Tuesday, September 01, 2009

Feeling Good

From MarketingProfs.com:

I'm Not Afraid When I Hold You

Countless reports have connected brand loyalty with status-seeking (think luxury cars), but a new study says some consumers' connections to brands stem from a far deeper source: their own insecurities.

In the study, researchers asked a group of MP3 owners a few very serious questions and requests, such as: Please describe the emotions that the thought of your own death arouses in you. (Yikes.)

After the hard questions, participants were asked to record the brand name of their MP3 player. (We can only imagine what that segue was like.) Further questions assessed their "self-brand" ("this suits me") and "communal-brand" ("this is the best one for me and my peers") connections to that player, as well as their level of materialism.

Results showed that "materialistic individuals form strong self- and communal-brand connections when existential insecurity is present, but not when it is absent." In other words, materialistic consumers who feared death were more attached to their favorite brand of MP3 player! Wow.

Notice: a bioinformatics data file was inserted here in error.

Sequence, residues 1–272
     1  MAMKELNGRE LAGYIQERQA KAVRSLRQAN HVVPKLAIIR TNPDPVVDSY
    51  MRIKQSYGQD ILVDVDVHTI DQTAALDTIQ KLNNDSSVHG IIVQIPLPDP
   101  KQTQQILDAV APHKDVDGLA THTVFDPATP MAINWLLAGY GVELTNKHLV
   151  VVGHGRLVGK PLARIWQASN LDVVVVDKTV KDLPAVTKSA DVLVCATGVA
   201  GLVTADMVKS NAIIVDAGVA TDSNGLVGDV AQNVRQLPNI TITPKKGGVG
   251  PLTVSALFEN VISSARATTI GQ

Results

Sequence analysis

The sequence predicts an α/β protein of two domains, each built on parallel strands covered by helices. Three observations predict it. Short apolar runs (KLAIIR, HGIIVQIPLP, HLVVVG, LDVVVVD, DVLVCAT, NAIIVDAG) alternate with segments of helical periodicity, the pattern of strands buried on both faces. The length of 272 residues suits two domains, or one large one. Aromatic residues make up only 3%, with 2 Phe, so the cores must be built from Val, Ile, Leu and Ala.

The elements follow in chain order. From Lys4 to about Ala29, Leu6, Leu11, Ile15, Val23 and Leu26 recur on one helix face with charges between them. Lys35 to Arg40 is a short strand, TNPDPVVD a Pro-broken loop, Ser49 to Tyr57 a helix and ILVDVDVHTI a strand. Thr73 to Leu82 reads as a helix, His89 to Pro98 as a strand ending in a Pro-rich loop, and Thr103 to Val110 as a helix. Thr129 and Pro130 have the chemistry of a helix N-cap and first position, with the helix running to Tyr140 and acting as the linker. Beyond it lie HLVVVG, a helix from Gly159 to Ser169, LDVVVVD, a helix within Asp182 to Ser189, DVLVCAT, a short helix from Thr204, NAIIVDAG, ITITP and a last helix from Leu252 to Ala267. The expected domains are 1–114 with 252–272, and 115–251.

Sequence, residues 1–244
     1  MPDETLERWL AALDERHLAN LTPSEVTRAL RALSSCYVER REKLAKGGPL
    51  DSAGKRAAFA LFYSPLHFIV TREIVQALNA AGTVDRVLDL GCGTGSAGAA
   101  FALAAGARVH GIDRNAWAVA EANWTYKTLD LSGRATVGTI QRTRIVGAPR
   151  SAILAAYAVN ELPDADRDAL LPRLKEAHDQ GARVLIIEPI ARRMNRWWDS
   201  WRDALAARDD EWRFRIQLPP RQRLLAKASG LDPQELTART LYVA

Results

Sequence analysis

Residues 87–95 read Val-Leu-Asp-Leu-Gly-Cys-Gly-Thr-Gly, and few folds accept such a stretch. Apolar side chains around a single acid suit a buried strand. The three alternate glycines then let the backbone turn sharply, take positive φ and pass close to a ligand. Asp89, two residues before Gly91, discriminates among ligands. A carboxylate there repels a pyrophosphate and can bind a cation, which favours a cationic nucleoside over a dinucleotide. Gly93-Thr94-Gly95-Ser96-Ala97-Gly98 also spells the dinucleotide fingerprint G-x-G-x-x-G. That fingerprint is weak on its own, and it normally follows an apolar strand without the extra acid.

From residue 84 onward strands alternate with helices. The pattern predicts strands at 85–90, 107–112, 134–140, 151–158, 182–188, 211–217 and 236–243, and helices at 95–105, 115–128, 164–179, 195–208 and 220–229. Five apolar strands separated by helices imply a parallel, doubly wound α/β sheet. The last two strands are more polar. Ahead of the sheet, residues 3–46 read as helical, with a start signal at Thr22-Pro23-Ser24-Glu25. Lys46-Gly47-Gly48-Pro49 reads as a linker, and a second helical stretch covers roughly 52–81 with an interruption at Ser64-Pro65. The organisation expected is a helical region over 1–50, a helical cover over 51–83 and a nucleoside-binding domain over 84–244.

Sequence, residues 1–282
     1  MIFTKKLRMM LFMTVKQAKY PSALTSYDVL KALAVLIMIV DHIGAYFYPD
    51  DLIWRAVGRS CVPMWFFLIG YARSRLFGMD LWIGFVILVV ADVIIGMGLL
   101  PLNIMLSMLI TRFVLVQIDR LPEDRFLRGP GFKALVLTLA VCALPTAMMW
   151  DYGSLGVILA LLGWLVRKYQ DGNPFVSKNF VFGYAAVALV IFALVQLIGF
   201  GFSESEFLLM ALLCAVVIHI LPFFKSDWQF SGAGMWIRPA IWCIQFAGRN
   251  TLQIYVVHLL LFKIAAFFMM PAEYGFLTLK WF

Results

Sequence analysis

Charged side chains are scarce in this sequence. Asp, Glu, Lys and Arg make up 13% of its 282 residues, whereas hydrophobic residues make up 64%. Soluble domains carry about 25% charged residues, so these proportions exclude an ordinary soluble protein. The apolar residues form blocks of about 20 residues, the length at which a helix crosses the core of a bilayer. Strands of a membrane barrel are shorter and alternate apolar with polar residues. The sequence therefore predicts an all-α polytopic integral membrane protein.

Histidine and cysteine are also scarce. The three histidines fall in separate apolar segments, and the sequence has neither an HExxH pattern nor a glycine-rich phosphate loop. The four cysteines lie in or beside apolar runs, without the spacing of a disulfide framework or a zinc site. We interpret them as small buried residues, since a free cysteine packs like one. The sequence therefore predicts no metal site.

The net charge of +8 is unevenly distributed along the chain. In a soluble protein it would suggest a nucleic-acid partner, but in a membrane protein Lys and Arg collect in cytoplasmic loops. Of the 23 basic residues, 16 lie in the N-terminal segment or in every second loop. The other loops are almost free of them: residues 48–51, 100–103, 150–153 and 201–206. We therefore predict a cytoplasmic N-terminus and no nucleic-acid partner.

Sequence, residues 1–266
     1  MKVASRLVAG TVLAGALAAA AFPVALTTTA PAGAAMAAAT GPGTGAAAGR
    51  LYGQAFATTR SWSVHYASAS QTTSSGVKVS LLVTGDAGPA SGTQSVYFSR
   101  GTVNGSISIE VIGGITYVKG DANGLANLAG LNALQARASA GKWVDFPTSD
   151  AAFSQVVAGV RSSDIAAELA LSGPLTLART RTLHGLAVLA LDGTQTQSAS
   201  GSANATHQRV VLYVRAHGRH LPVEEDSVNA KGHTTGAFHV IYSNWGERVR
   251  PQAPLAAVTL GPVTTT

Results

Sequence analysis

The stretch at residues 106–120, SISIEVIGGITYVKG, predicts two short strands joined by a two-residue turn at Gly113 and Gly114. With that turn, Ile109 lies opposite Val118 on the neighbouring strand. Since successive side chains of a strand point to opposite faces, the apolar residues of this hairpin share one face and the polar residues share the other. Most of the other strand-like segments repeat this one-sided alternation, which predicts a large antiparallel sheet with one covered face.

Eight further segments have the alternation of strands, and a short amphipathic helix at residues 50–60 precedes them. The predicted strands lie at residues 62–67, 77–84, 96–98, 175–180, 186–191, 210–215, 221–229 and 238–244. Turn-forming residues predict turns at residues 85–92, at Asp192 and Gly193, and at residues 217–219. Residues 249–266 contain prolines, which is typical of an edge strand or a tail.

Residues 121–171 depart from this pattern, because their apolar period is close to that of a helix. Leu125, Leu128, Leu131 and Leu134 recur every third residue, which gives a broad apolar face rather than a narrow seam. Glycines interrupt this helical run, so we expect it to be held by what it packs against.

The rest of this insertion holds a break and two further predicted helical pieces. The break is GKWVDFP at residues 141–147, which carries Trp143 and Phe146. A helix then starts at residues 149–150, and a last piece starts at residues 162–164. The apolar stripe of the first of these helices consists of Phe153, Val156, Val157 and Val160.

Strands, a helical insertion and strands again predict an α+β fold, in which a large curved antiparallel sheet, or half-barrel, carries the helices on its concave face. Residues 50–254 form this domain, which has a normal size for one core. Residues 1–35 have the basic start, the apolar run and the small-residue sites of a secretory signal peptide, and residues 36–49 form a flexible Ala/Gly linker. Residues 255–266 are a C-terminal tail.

"[M]aterialistic consumers with anxiety about their existence are especially in need of the symbolic security that brand connections may provide," these authors conclude. And, with the media’s heightened focus on "existential threats," consumer anxiety may well be on the rise, they warn.

The lesson for marketers here? Play up your product's comfort factor—big-time.

The Po!nt: Consumer waters run deep. Don't be afraid to emphasize the soothing aspects of a connection to your brand. Your customers may truly appreciate it.

Source: "The Safety of Objects: Materialism, Existential Insecurity, and Brand Connection," by Aric Rindfleisch, James E. Burroughs and Nancy Wong. Journal of Consumer Research, 2009.

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